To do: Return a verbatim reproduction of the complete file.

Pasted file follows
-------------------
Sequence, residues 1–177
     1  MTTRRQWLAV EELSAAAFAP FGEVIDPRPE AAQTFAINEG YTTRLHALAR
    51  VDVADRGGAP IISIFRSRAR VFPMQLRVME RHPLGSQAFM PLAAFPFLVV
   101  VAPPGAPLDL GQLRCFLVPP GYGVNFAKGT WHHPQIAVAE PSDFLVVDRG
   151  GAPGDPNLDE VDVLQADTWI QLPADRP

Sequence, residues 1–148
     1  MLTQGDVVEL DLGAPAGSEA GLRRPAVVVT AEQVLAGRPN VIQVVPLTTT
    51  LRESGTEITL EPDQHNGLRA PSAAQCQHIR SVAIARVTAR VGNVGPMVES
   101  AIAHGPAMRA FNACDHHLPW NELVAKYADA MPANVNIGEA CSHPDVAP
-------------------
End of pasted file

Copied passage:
Sequence, residues 1–177
     1  MTTRRQWLAV EELSAAAFAP FGEVIDPRPE AAQTFAINEG YTTRLHALAR
    51  VDVADRGGAP IISIFRSRAR VFPMQLRVME RHPLGSQAFM PLAAFPFLVV
   101  VAPPGAPLDL GQLRCFLVPP GYGVNFAKGT WHHPQIAVAE PSDFLVVDRG
   151  GAPGDPNLDE VDVLQADTWI QLPADRP

Sequence, residues 1–148
     1  MLTQGDVVEL DLGAPAGSEA GLRRPAVVVT AEQVLAGRPN VIQVVPLTTT
    51  LRESGTEITL EPDQHNGLRA PSAAQCQHIR SVAIARVTAR VGNVGPMVES
   101  AIAHGPAMRA FNACDHHLPW NELVAKYADA MPANVNIGEA CSHPDVAP